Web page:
Roy Hudd was to go on to work with many pioneers in his chosen profession and crossed paths over the years with a number of future household names.
As a Red Coat at Butlins he occupied the chalet next to another aspiring entertainer, a young pop singer called Harry Webb.
Unknown to Roy, in between knobbly knees and glamorous granny contests, young Harry was in the process of recording his debut single.
It was a nifty little rock 'n' roll number called Move It. He was also negotiating to change his name to Cliff Richard.
Hudd fully admits he failed to spot the star potential of his neighbour, saying that he was far more fascinated by the Red Coat who lived in the chalet on the other side of him - a crazy Irish comic called Dave. "We all thought that he was the man who possessed the star material," he says.
Irish Dave didn't disappoint his old mates. He disappeared to Australia and came back a fully-fledged TV performer. But something had happened. The Irishman was reborn as Dave Allen and his act was unrecognisable.
"I've never seen anything like it," says Hudd. "Most light entertainers have acts that are really just an exaggeration of themselves, but with Dave...
"As a Red Coat he was completely frenetic, shouting and screaming, like Jerry Lewis on speed. Yet when he got back from Australia he was just as we know him today, really laid-back."
Hudd has lots of time for those he considers to be classic performers, including Bournemouth's own Max Bygraves - "one of the truly greats".
He says he rates Bygraves as offering perhaps the perfect example of total composure on stage. "At the end of the day that is what show business is all about. And I suppose that's my one sorrow, that the current crop of mainstream entertainers, good as they are, often don't get the chance to learn those skills.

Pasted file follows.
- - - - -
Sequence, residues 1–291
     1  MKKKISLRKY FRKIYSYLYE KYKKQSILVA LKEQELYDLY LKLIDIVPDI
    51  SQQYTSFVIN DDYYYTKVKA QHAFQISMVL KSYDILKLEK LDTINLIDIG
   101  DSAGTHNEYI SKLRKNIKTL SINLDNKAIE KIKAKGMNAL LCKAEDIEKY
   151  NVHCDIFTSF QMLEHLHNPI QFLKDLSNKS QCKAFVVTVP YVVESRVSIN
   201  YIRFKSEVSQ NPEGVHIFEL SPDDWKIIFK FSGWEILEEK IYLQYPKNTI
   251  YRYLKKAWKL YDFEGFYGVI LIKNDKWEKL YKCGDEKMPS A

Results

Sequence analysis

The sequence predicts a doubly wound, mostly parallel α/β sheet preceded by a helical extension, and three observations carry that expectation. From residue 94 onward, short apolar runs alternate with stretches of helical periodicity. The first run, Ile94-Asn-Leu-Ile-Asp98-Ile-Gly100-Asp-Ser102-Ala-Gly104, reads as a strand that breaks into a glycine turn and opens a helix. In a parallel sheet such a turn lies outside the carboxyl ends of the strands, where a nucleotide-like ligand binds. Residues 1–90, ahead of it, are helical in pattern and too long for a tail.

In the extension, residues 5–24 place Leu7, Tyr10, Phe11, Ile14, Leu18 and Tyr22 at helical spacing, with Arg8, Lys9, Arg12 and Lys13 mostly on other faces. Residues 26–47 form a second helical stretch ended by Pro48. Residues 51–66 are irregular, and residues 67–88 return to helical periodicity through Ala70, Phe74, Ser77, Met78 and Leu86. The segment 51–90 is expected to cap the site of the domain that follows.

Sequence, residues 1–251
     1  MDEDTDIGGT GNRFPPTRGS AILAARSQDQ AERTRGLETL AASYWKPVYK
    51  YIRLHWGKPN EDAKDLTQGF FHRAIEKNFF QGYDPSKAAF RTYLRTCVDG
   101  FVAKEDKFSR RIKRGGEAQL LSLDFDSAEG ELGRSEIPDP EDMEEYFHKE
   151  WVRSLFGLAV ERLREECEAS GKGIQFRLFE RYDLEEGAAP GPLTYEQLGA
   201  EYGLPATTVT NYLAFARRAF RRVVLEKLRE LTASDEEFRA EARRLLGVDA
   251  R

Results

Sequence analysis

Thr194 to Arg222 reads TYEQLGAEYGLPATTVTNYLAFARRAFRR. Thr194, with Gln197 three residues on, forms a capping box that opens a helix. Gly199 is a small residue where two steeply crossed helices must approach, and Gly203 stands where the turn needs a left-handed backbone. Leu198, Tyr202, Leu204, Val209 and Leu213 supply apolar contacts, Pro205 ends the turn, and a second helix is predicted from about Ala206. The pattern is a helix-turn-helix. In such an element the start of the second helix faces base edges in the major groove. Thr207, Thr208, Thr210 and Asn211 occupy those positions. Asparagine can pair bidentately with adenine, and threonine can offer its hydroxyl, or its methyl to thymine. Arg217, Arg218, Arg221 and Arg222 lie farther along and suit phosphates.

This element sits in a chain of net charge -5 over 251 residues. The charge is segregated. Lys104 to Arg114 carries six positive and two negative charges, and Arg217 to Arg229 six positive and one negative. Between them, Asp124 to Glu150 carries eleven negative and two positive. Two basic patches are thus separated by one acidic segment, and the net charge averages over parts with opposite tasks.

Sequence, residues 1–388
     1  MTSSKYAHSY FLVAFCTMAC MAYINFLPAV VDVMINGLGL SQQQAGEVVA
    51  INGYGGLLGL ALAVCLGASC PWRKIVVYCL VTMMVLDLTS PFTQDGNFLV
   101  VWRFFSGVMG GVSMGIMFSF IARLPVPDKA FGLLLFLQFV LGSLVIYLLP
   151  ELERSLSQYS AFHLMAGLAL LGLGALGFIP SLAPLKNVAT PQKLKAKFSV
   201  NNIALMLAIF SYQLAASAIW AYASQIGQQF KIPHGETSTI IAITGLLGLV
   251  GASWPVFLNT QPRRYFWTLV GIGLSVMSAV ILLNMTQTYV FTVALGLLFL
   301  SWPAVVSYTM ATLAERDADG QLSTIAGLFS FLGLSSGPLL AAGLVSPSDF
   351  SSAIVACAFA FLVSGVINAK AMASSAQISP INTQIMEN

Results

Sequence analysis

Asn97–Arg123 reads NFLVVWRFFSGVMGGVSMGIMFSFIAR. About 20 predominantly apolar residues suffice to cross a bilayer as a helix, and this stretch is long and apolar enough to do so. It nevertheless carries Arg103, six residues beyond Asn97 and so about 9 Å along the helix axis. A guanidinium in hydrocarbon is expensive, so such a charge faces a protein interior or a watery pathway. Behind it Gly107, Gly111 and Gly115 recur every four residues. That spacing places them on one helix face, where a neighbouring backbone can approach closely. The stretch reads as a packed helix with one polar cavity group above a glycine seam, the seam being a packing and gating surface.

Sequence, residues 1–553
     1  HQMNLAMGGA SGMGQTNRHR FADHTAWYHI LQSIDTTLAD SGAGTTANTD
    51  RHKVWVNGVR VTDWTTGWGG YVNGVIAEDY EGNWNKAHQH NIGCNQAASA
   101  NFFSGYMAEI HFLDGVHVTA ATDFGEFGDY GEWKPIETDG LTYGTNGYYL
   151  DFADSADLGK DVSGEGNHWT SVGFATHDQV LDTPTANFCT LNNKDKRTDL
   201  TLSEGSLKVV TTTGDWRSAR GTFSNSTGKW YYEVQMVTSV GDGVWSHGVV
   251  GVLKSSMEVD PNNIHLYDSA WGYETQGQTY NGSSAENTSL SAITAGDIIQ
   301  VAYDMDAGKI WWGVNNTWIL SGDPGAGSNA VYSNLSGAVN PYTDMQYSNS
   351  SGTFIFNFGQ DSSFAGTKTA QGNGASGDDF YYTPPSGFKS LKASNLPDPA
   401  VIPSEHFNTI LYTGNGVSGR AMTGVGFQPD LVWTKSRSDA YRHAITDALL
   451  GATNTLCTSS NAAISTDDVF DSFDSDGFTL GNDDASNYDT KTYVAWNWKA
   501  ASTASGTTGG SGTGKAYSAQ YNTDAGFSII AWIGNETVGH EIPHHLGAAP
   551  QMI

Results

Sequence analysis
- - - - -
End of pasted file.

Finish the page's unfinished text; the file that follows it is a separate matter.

"It's a damn shame but big money and lucrative TV deals take them away from live audiences."
Which is, of course, the reason why Roy Hudd is happy to play a summer season at the end of Bournemouth Pier.
It keeps him in touch with live theatre and theatre-goers - the lifeblood of the business he loves.
"The only way you can learn to handle an audience is by getting out there in front of one," he says. "You can learn to act to a certain degree without one but you'll never succeed as a comic."
Hopefully audiences at the Pier Theatre will be far more plentiful this year than they were last summer when the ageing farce No Sex Please We're British was unceremoniously ditched a few weeks into a disastrous run.
Hudd is optimistic. He points out that Theft is not only a brand-new piece of theatre but was written by Eric Chappell, who was responsible for such TV classics as Rising Damp and Only When I Laugh.
"It's a great piece, beautifully-written, well-directed and we've got some good people on board. How can you go wrong?" he asks.
Co-starring with Roy Hudd in Bournemouth will be Leslie Grantham, Juliet Bravo actress Stephanie Turner, Peter Alexander from Emmerdale and Sandra Payne from Waiting For God.
* Theft opens at The Pier Theatre on Monday and runs until Saturday August 25.